The illegal referendum and the outcome of the votes.
What was mentioned on the news a lot a while ago about Catalonia was the illegal referendum that was held passed by the Parliament of Catalonia and called by the Generalitat de Catalunya. The government of Spain however, made this illegal yet some people still turned up
(from wikipedia) ‘Due to the many irregularities in the administration of the vote (with people being able to vote more than once in some places despite organizers’ claims to the contrary and on whether there was any control about it) as well as to the use of force by the National Police and Civil Guard, international observers invited by the Generalitat declared that the referendum failed to meet the minimum international standards for elections, basically meaning the referendum was void.’ However,Carles Puigdemont, the Catalan leader, said the region had “won the right to an independent state” after “millions” turned out to vote in a banned independence referendum, also claiming that 90% of people voted in favour of splitting with spain.
However, this 90% of people who voted to leave were still way less than half of the population in Catalan. In fact, just over 40% of people in Catalonia voted. Perhaps all these people who stayed at home, not wanting to oppose the government in Spain actually wanted to remain? Was it unwise for the Spanish government to have made this vote illegal, would it have swayed in their favour, if they had allowed it and if so would this attempt on leaving Spain be over?
Why was the Catalan vote illegal and is there a possibility of a legal one taking place?
(The Economist):’Spain’s democratic constitution of 1978, which was approved by more than 90% of Catalan voters, gave wide autonomy to the regions but affirmed “the indissoluble unity of the Spanish nation”’, this basically is the reason that the Catalan referendum was illegal, so will the Catalan people ever get their voices heard?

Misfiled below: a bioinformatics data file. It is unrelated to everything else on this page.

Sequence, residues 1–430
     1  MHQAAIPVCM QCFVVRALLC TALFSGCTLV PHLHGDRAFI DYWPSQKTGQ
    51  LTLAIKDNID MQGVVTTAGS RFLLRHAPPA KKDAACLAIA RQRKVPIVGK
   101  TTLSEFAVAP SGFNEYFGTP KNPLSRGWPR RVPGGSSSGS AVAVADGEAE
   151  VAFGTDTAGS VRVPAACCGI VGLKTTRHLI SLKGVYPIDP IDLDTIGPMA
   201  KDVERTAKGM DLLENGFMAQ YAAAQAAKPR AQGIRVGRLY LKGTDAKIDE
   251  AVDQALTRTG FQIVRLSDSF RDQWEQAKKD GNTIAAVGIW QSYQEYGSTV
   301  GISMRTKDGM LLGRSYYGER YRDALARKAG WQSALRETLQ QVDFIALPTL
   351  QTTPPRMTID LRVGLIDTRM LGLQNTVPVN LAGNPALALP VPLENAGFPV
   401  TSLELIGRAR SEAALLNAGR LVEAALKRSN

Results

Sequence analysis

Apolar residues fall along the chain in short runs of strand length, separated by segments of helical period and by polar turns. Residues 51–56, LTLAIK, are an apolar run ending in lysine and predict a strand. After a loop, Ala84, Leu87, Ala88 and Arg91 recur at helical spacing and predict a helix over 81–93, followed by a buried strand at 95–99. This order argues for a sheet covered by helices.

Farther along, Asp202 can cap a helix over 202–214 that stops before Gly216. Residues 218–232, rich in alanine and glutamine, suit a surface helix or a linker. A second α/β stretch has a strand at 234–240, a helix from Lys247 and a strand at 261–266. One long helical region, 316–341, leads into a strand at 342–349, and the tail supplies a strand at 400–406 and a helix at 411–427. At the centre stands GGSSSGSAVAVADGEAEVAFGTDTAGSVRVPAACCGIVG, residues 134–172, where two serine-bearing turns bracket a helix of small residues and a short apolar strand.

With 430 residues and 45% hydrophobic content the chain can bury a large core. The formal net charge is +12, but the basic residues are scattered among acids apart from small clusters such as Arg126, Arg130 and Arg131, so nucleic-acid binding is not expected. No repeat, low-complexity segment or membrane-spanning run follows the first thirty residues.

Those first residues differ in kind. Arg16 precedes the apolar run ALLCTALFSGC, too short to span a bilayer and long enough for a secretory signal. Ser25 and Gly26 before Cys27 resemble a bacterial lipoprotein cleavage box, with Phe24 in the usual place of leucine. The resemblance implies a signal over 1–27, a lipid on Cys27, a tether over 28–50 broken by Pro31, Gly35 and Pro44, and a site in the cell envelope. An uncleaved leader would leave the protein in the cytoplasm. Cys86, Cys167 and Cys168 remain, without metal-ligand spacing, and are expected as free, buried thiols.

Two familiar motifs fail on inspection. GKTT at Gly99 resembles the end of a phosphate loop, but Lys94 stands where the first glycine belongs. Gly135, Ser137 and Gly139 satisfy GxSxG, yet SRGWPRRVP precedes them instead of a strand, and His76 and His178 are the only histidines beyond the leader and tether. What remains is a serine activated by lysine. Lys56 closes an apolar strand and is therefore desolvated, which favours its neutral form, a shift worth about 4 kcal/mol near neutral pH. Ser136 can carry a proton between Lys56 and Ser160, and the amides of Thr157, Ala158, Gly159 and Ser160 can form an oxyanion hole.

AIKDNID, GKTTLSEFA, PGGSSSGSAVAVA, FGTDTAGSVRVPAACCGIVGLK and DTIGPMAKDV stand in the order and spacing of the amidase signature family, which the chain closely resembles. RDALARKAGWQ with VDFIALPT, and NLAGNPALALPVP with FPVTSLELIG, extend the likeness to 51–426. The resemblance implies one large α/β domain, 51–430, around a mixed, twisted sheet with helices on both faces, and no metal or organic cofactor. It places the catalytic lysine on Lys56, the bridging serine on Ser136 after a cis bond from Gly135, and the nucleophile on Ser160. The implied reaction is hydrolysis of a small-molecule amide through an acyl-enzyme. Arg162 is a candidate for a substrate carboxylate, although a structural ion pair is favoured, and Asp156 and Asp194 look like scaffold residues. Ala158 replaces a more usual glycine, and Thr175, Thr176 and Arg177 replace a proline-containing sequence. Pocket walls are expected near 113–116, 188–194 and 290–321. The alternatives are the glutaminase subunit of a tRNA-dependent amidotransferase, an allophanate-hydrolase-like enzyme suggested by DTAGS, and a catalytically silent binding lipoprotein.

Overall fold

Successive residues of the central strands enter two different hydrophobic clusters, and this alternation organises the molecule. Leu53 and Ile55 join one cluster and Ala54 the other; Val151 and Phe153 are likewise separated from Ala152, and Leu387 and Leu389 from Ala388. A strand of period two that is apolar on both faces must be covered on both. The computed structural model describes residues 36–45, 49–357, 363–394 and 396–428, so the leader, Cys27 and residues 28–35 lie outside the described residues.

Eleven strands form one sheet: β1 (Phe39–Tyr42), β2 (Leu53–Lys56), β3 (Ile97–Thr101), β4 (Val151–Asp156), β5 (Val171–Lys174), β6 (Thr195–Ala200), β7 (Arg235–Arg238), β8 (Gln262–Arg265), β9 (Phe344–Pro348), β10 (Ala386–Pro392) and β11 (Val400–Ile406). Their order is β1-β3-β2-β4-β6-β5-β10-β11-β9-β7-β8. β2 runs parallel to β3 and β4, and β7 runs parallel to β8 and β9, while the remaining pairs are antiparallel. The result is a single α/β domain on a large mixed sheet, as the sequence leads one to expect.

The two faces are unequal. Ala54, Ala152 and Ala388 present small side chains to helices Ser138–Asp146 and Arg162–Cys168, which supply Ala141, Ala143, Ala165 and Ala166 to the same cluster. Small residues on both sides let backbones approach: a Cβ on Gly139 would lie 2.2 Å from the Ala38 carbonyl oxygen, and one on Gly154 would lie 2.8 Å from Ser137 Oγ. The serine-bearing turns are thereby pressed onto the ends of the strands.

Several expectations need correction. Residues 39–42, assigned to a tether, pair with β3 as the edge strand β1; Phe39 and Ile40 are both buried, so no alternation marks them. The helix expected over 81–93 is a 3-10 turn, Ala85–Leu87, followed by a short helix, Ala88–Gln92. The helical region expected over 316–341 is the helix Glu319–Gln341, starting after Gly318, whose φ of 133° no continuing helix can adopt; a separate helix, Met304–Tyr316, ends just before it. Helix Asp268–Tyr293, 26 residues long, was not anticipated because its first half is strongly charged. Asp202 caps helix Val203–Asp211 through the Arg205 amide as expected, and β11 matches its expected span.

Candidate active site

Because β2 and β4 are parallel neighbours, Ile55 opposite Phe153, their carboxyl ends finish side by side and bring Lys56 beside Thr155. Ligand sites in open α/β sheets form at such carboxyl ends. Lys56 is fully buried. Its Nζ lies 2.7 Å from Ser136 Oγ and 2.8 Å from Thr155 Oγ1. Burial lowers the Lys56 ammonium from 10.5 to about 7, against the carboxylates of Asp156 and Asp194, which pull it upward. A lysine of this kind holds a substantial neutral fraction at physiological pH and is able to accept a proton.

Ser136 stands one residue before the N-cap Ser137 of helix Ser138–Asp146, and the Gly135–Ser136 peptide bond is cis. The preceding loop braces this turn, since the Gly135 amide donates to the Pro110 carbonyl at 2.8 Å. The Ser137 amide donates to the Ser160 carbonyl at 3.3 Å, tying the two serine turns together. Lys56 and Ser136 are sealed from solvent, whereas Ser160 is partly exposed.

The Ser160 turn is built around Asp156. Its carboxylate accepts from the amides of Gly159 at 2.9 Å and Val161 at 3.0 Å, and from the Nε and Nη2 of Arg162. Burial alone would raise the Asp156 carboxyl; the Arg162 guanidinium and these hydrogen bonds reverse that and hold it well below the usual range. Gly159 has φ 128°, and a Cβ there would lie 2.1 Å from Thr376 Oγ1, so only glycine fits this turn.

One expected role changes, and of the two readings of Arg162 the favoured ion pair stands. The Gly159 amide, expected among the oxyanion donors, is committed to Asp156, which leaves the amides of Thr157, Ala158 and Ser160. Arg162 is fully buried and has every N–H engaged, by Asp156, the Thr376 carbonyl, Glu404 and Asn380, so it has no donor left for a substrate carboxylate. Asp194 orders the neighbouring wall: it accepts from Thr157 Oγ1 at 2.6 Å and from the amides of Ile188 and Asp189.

(BBC)Well, in a interviews with the BBC, ‘The Spanish government will consider holding a nationwide referendum on changing the constitution to allow for legal independence referendums, the foreign minister says.’ This means that there is a possibility that the whole of Spain might vote to decide whether these referendums should be legal. However, a disadvantage of this is this means all of Spain will be able to decide if Catalan can have their vote, it is not just Catalans decision while an advantage of this is it means that Catalonia might finally have a chance to vote.
So all of this considered, will the people of Catalan have their referendum, the outcome and so their voices heard?
Well if the foreign minister is right and IF there was a country wide vote to allow Catalan to hold their referendum and IF the outcome of the vote allows Catalan to hold their referendum and IF enough people turn up to allow the vote to not be void then maybe the people of Catalonia will finally have their voices heard. But that seems like a lot of IF‘s…